Introduction to Springfield, Missouri
Known as "The Cultural Center of the Ozarks", the city of Springfield lies in the southwestern part of the state of Missouri, about 50 miles north of the Arkansas border. The city is home to Missouri State University, and also home to Ozarks Technical Community College, and Drury and Evangel Universities. Springfield is served by Interstate 44 which leads to St. Louis (215 miles to the northeast). Other major highways serving the city include U.S. Routes 60, 65, and 160, and Missouri State Highway 13. Portions of historic U.S. Route 66 still exist in parts of the city. The county seat of Greene County, Springfield is situated just 45 miles north of the major tourist and entertainment destination of Branson.
Incorporated in 1838, Springfield became known for a major Civil War engagement which took place in 1861 just outside the city. Known as "The Battle of Wilson's Creek", the conflict involved Confederate and Union forces engaged in bloody fighting in a region bitterly divided between Northern and Southern sympathizers. In 1865, Springfield was the site of an historic gunfight where "Wild Bill" Hickok killed Davis K. Tutt, Jr. over a gambling dispute. The incident is widely considered by historians to have been the first real "Wild West" gunfight, in the style that would later be depicted countless times in TV and movie westerns.
Things to do and see in Springfield
Among Springfield's most popular attractions are the following:
- Discovery Center of Springfield: An interactive hands-on science center for children.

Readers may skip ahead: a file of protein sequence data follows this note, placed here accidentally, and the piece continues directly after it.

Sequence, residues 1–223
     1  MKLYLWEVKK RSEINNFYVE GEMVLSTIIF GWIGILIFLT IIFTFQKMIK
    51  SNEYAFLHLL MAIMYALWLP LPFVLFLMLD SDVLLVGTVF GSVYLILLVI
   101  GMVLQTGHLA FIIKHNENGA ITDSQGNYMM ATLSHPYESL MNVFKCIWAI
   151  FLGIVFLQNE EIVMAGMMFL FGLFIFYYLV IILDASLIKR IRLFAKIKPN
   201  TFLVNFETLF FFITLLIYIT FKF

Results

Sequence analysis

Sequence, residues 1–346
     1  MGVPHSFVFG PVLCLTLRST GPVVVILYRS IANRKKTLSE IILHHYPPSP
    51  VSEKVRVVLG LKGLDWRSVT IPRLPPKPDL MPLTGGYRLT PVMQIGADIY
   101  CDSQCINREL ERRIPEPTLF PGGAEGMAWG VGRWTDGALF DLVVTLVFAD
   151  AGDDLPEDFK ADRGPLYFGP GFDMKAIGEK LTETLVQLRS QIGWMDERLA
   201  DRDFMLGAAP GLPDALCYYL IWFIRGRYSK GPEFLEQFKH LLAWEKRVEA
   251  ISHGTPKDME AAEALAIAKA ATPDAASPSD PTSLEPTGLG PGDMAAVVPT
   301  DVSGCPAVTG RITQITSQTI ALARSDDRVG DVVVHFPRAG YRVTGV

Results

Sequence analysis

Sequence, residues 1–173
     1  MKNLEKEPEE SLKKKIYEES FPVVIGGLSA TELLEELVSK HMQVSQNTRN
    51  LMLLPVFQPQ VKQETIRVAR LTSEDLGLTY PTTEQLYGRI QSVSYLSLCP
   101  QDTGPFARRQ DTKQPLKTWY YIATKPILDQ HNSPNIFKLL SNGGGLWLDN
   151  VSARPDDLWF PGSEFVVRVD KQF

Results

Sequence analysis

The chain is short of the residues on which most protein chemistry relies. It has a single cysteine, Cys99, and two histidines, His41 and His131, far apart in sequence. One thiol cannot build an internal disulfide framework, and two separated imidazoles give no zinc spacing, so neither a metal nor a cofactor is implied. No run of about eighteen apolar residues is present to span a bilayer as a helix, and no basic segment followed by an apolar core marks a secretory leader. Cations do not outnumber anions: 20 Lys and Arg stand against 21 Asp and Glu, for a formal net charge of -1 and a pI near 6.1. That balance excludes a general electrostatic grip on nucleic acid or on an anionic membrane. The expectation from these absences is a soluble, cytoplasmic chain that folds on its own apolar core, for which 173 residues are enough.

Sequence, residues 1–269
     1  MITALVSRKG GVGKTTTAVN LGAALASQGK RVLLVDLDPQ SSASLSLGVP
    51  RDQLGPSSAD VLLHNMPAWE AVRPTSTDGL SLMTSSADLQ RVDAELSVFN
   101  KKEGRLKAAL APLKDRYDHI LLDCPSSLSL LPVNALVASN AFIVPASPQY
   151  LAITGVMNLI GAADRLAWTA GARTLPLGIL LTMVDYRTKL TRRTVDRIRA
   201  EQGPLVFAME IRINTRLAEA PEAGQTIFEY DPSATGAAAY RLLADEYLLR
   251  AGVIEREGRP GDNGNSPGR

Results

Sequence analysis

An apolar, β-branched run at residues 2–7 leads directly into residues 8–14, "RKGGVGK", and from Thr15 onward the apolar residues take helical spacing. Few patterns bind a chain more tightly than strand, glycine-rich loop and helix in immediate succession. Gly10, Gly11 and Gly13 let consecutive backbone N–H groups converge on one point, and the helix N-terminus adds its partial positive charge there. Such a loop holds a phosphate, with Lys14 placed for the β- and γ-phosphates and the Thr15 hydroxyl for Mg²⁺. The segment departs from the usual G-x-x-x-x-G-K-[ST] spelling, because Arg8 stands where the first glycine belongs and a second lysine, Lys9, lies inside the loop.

- Fantastic Caverns: The only cave in North America large enough to ride through.
- Juanita K. Hammons Hall for the Performing Arts: Located on the Missouri State University campus.
- Landers Theatre: Constructed in 1909 and listed on the National Register of Historic Places.
- Springfield National Cemetery: The only cemetery in the nation where the dead on both sides of the Civil War are buried side by side.
- Wilson's Creek National Battlefield: Site of the Battle of Wilson's Creek and home to The Hulston Civil War Library.
- Wonders of Wildlife Museum & Aquarium
- Dickerson Park Zoo
- Mosher House
- The Booth-Dickey House
- The Railroad Historical Museum
- The Springfield Art Museum
Less than an hours drive south is the city of Branson, a major entertainment and vacation destination. Often referred to as the "Las Vegas of the Ozarks", Branson is a bustling modern commercial town that probably resembles Las Vegas more than any other city. It is the site of several musical and entertainment venues with regular appearances by famous celebrities, most (but not all) of whom are in the country music field. Among the many performing arts sites featuring live entertainment in Branson are the Andy Williams Moon River Theater and Dick Clark's American Bandstand Theater.
Sports fans in Springfield have access to first rate collegiate competition. The Missouri State Bears are members of the Missouri Valley Conference for all sports except football (Gateway Football Conference), men's swimming (Sun Belt Conference), and field hockey (Mid-American Conference). The Bears have enjoyed great success, particularly in basketball and baseball. The men's basketball team reached the NCAA's Sweet Sixteen in 1999, the women's basketball team made the Final Four in 1992 and 2001, and the Bears baseball team appeared in the College World Series in 2003. Fans of professional sports can watch Minor League Baseball's Springfield Cardinals, a Double-A affiliate of the Major League's St. Louis Cardinals. The Springfield Cardinals play in the Texas League.
Located just east of Springfield is The Missouri Sports Hall of Fame. The Hall showcases sports memorabilia of Missouri athletes and includes numerous interactive exhibits and displays.